"Yeah, well we already know that accepted history is wrong, don't we?" Marc said with a wry grin. "Smenkhkare didn't die, he survived the crocodile."
"That's right," Dani added. "Then he led an attack on Waset, which also isn't in the history books."
"Er, excuse me."
Five heads turned to look at Doris who was standing in the shadows behind the main spotlight. "What's up, Dor?" Marc asked.
"Well," Doris started hesitantly. "Aren't we assuming this is all factual?" She waved her hand toward the columns of tiny hieroglyphs marching up and down the whitewashed walls. "I mean, how do we know this Scarab person is telling the truth? Maybe it's all made up."
"It's true," Dani said flatly. "It has the ring of truth..."
"Hang on Dani," Marc cut in on the expedition leader. "Doris could be right. What if these writings are as biased as Shakespeare's plays? I mean, he was an Elizabethan playwright and those were the Tudor monarchs who basically rewrote history to blacken Richard the Third's name. Well, what if the same thing is happening here and Tjaty Ay is really a sweet old grand-dad, and Smenkhkare's the bad guy?"
Dani paled and took a step back. "You're calling Scarab a liar?"
"I think we are all getting a little carried away, boys and girls." Daffyd took his tin of tobacco and cigarette papers from his jacket pocket and started rolling himself a smoke. "I know you feel a special affinity for the lass, Dani, I like her too, but Doris and Marc raise a good point. How can we be certain this account is factual? I'm talking evidence, not feelings."
"What are you saying?" Bashir asked, his brows furrowed in suspicion and alarm. "If this is not true, then the reference to the king's treasure..."
"... May be just so much hot air," Daffyd finished. He put the tin and papers away and stuck the fat cigarette in his mouth. A match scraped and flared and he drew in and exhaled a cloud of pale smoke. "Well, there is a way to be sure." He stood smoking with a smile on his face, looking from one person to another.
"What is your sure-fire way?" Dani asked after a few moments.
"Yes, tell us, Dr Rhys-Williams," Bashir added.
"Find something in the text that is verifiable. Better still, lots of things." Daffyd shrugged. "I know there's not much known about the whole time period, but there must be something. Maybe that treasure you crave, Under-Minister." Bashir glowered but said nothing. "If we were to find the treasure trove at a place described in the account, then that would lend support to its authenticity."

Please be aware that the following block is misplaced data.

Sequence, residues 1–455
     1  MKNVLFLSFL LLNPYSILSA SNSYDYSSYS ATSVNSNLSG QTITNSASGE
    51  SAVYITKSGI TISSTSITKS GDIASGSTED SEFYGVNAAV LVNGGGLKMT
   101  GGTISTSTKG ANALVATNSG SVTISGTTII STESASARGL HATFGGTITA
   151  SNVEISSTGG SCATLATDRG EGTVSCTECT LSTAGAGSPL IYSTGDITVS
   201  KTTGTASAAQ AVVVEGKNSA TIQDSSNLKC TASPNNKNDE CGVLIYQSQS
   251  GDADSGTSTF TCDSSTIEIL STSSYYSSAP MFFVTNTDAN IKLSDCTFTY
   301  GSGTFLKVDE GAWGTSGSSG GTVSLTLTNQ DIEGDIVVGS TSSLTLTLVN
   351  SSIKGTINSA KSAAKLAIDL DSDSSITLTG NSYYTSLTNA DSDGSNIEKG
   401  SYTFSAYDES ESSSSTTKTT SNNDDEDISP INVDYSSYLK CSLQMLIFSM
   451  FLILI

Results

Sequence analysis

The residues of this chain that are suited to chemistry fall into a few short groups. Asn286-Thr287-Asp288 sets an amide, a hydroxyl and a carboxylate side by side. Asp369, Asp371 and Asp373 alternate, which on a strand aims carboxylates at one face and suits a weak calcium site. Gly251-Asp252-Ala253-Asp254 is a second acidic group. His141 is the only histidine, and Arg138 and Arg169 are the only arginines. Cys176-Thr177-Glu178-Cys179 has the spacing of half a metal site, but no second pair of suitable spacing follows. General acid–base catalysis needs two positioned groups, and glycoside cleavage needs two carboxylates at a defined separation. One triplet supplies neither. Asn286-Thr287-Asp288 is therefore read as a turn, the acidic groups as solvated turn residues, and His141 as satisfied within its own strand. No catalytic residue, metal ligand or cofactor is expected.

"Then what are we waiting for? Let us start translating again and see what it tells us."
"Actually, there might be something already," Doris said slowly. "When I was reading the notes about Scarab in Zarw, she saw a magnificent pectoral that Khabiru jeweler had made. Didn't Tutankhamen have something like that in his tomb?"
"Can't recall it," Marc said. "But you could be right. It's the sort of thing a king would have. How do we find out?"
"Perhaps this is something the other members of the team can be doing while they sit around at the camp," Nazim suggested quietly. "There are reference books back in Damascus and we have the notes from this tomb."
"Bravo, Nazim," Bashir said, his eyebrows rising as he examined his timid secretary in a new light. "They can look for other historical accuracies too." He clapped his hands and smiled at his captive team. "Now, let us return to the translation. There are lots of things to find out."
"Very well, Minister," Dani said. "But I must make one thing clear. This is not a treasure hunt but an archaeological investigation. On site, I am in charge and we progress at my pace. Understood?"
Bashir stared at the tall woman, his face impassive, for several seconds. At last, he nodded curtly, then relented and smiled. "Of course, Dani. I bow to your superior knowledge."